Litter. Dog poo. Flytipping. It looks awful, attracts rats and other vermin, risks health, kills wildlife and pollutes the environment. Leeds City Council spends tens of thousands a year clearing it all up, money that could be put to very much better use. Community groups like the Friends of Cross Flatts or Middleton Parks, or Beeston in Bloom, do clean-ups – and back it comes. So why does it persist, and what can be done about it?
This was the theme of an exciting one day event held at Pudsey Civic Hall on Thursday 23 February 2017. Around 150 people, groups as well as concerned individuals, met to discuss the issues and find solutions. We wanted to make suggestions for positive change, and work out what we can all do about this menace.
The Junior Green Team, 5 pupils from Windmill Primary School, came early to the stage to give their views. They spoke of the dangers of broken glass to themselves and to wildlife, the mess on the streets and in playgrounds and parks, and encouraged everyone to pick up after themselves. They spoke clearly and with passion and inspired us adults to do better.
Keep Britain Tidy presented fascinating figures about our habits. Apparently, 62 % of the population drops litter at some time. Of these, 43% – mainly women aged 45+ – consider themselves “beautifully behaved” but do still occasionally drop litter, such as apple cores (yes, that’s me) and sweet wrappers, especially if they think they are unobserved. Others are “blamers”. They say it’s everyone else’s fault, but do still litter themselves, while 4% are “justifiers”, their reasons for dropping litter or failing to pick up dog poo range from keeping people in jobs to claiming it’s not harming anyone. Finally, there are the 2%, mostly men under 25, whose view is that “life’s too short – I’m not bothered”. For these, peer pressure is a big deterrent, and posters showing litterers looking like pigs have been very effective.
Dog fouling, it’s found, happens more at night and during the winter as people reckon they can’t be seen in the dark. To tackle this, Keep Britain Tidy has ‘We’re Watching You’ posters, visible in darkness, which ‘charge up’ during the day and glow-in-the-dark at night. Dog fouling has reduced by to 90% where the sign’s been introduced. Groups across Leeds, including the Friends of Cross Flatts Park, were very interested in this.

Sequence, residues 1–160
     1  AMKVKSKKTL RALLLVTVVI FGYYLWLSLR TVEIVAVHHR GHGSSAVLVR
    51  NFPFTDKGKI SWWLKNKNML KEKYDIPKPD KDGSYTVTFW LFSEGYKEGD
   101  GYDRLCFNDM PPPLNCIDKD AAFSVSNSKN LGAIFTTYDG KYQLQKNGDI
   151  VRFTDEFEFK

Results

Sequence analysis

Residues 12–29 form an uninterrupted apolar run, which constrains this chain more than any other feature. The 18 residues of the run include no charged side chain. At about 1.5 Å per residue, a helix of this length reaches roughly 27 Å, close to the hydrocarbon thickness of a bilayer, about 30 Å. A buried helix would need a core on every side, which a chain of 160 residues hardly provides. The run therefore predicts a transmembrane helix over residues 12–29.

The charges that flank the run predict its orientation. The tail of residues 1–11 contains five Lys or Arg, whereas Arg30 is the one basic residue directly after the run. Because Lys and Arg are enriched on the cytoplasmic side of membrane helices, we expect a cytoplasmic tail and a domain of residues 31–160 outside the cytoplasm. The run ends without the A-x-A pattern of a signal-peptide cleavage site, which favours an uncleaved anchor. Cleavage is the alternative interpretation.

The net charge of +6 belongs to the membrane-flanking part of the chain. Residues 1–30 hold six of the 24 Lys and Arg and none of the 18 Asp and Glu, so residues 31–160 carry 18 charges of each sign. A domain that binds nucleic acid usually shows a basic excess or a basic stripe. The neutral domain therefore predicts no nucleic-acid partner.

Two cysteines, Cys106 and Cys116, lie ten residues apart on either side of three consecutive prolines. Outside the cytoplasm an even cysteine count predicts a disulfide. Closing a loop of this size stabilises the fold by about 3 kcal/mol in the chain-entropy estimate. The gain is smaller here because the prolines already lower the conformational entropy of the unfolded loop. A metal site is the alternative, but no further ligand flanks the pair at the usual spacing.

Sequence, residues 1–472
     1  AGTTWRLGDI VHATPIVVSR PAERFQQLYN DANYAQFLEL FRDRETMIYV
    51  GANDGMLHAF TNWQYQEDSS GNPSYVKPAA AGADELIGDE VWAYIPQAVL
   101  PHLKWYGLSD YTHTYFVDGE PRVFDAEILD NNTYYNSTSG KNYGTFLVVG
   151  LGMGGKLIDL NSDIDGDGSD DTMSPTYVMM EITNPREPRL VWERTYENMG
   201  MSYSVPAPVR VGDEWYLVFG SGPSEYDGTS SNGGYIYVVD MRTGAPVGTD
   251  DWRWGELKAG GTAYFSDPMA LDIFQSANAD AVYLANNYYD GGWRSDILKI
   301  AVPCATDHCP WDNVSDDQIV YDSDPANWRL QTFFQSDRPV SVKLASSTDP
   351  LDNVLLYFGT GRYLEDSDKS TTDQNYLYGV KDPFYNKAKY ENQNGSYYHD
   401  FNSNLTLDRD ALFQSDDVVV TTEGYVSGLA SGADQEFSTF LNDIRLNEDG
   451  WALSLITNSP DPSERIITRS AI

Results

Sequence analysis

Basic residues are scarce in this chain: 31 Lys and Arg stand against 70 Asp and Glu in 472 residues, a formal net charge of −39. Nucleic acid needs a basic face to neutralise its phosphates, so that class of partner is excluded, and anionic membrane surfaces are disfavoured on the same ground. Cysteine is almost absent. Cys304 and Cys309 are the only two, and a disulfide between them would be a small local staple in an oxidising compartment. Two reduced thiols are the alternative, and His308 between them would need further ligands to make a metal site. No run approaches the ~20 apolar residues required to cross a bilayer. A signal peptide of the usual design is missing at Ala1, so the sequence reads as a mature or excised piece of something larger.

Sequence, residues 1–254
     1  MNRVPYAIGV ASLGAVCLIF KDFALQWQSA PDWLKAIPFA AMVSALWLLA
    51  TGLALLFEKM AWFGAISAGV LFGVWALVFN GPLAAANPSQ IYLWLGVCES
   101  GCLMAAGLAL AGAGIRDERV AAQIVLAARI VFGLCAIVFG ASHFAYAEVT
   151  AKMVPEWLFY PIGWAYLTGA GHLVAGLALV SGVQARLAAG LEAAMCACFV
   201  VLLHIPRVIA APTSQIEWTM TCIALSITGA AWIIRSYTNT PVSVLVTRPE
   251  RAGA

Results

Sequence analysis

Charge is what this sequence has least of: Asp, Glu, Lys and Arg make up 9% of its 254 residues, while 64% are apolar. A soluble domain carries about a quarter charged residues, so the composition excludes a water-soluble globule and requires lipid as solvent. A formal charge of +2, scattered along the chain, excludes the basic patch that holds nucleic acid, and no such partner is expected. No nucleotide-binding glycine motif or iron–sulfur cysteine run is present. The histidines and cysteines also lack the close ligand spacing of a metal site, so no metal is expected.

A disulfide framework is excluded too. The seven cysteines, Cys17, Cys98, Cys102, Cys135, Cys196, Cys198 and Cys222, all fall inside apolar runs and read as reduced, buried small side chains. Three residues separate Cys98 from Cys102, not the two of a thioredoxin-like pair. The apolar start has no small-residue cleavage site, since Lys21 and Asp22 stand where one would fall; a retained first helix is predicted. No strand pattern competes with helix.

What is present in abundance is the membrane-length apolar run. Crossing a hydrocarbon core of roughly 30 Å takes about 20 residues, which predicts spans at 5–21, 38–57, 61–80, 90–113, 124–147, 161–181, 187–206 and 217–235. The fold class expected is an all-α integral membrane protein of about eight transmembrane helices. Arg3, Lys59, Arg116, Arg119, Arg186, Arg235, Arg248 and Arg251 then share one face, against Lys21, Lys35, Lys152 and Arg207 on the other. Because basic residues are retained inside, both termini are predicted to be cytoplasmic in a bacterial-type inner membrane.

Other suggestions made at workshops during the event included:
- Bottle deposit schemes
- Approaching florists about their cellophane wrappers, which litter cemeteries
- Asking businesses to sponsor litter bins – free advertising in return for emptying
- Recognition of responsible retailers with awards and certificates; create an urban environment quality mark
- Encouraging businesses and local groups to work together – many of us already do this
- Ask Leeds City Council not to charge small builders for using household waste sites – this might prevent countryside fly-tipping and be cheaper in the long run
- Writing “bin it when it’s empty” on takeaway food cartons
- Use speed cameras/ mobile CCTV to identify drivers who chuck rubbish out of cars
All the ideas were recorded and will be circulated. People wrote offers and requests for help on sheets tacked to the wall (see picture).
Finally, we decided on a city wide campaign, Litter Free Leeds. You can join this on Facebook and exchange news and views. A Leeds Clean Up day is planned. As a Belle Isle representative said, “If you live in a nice clean place, you yourself feel better”.
This post was written by Al Garthwaite using our Create an article for South Leeds Life page.